According to a further aspect of the invention, there is provided a network node or element for use in a synchronous digital communications network incorporating a plurality of network elements disposed in path protected rings and having two or more timing reference sources, said reference sources each being allocated a ranking such that one source is highest ranked as a primary reference source, the other source or sources being respectively lower ranked as stand-by reference sources, wherein the node the incorporates; a local oscillator, means for receiving preferentially a synchronization signal from said primary reference source so as to synchronize the local oscillator with that synchronization signal, output means for forwarding the synchronization signal to an adjacent node, and means responsive to a failure of the primary reference source for barring further use of that source by said network node and for synchronizing said network node oscillator with the highest ranked stand-by source.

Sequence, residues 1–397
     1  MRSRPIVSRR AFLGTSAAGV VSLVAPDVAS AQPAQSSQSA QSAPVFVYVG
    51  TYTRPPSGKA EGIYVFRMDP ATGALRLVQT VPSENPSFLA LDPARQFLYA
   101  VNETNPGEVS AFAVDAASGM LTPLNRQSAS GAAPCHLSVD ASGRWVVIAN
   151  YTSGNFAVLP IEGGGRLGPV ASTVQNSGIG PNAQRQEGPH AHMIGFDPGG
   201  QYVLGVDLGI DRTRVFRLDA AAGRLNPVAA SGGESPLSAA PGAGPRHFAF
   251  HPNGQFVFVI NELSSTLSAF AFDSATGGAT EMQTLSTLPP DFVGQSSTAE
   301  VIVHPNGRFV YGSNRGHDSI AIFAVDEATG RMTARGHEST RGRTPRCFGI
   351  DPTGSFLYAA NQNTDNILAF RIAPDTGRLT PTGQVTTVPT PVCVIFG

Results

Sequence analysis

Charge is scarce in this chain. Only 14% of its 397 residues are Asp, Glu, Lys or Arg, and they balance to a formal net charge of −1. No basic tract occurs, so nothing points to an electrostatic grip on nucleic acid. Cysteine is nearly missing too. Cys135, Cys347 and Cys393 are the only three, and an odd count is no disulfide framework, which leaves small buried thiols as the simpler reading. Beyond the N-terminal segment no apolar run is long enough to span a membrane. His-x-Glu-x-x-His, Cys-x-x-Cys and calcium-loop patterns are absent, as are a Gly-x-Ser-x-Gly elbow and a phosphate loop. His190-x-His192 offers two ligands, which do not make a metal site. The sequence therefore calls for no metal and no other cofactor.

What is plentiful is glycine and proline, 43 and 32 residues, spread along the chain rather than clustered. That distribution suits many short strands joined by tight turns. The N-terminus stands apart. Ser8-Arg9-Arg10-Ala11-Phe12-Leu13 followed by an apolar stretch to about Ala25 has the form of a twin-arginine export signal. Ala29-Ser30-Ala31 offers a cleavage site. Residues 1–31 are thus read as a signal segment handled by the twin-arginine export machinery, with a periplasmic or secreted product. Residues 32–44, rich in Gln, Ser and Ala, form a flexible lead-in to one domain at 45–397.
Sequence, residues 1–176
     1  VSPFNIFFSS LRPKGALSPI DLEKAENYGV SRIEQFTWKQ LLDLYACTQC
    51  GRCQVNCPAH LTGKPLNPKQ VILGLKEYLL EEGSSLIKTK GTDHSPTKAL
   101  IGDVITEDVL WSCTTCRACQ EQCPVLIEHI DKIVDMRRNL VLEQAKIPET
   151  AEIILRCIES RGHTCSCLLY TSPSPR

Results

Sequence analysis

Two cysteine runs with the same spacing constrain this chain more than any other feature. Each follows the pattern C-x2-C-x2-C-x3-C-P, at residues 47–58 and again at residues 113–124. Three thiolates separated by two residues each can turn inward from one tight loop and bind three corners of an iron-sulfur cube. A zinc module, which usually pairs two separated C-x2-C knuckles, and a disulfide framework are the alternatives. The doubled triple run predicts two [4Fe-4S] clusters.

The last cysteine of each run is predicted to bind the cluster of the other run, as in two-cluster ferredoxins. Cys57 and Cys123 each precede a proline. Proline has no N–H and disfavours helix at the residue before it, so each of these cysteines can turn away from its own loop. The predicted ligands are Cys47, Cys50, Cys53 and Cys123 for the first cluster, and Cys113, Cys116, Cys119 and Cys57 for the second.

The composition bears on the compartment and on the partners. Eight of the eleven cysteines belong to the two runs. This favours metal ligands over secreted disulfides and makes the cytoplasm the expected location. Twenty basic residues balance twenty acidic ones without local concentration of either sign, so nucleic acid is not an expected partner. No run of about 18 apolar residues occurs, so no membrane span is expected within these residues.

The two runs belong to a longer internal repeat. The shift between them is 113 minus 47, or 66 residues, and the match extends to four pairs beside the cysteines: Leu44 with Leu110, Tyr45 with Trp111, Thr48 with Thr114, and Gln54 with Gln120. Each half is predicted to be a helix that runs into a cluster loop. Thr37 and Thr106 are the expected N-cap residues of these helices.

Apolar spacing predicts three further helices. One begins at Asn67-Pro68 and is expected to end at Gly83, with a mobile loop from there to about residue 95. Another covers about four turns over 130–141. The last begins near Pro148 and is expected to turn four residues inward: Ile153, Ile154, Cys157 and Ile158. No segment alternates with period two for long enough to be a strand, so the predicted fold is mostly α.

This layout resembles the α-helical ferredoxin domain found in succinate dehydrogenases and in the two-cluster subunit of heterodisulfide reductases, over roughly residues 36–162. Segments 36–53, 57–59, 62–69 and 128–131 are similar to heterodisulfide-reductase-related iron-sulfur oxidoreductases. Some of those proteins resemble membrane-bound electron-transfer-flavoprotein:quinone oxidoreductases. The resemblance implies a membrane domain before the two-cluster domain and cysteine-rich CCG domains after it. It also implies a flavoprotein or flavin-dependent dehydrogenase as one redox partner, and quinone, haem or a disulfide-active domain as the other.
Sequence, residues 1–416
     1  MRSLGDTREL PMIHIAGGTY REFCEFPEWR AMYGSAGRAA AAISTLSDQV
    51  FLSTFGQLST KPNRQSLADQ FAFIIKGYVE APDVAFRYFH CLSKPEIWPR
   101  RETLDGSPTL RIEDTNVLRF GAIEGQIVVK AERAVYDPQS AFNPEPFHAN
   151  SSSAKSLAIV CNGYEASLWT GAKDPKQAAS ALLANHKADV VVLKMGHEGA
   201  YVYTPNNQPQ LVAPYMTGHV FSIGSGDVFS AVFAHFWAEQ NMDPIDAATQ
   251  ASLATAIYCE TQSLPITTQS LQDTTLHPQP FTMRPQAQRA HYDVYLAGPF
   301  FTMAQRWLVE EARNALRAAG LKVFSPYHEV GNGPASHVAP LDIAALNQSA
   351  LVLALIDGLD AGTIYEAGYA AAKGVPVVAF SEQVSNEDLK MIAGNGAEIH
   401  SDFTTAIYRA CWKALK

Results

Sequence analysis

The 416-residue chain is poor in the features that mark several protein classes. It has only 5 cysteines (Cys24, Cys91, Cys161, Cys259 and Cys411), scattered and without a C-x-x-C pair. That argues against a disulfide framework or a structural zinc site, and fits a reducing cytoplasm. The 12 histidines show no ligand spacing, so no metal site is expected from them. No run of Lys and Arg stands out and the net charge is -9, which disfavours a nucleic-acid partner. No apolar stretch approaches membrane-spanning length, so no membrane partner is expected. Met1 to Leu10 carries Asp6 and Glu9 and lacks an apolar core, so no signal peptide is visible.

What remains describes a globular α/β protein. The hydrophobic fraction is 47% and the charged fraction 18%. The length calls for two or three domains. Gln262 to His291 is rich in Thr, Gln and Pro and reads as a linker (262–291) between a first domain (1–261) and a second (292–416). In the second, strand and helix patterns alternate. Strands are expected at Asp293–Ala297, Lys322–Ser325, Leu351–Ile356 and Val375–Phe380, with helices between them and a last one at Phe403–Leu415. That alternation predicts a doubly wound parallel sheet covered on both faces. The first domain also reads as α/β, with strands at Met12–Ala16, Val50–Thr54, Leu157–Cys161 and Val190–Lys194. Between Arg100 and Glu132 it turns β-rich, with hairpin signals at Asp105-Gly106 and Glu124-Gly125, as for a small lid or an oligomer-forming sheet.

The method permits a network element to be aware that a synchronization signal with which it could synchronize has in fact originated from the network itself and should therefore not be used thus preventing the establishment of a synchronization loop.

Conveniently, the synchronization reference sources are given each a unique ranked quality level (QL) by the operator via the network manager, the primary source being ranked at the highest level (QL 1), the one or more secondary or stand-by sources being ranked at respective lower levels. This quality level can be transmitted in the section overhead (SOH) to provide to a node receiving the synchronization signal a unique identifier of the source from which that timing reference signal has originated. In a further embodiment, the quality level message can be modified to indicate to a receiving node the path whereby that message has reached the node, e.g. so as to differentiate between a pair of paths in a protection arrangement.

It will be understood that the techniques described herein are applicable both to the North American SONET (ANSI) standard and to the European SDH (ITU) standard.

BRIEF DESCRIPTION OF THE DRAWINGS

An embodiment of the invention will now be described with reference to the accompanying drawings in which:

FIG. 1 is a table detailing the currently employed synchronization status (SSM) messages;

FIGS. 2 and 3 illustrate the process of reconfiguration of a synchronous network ring;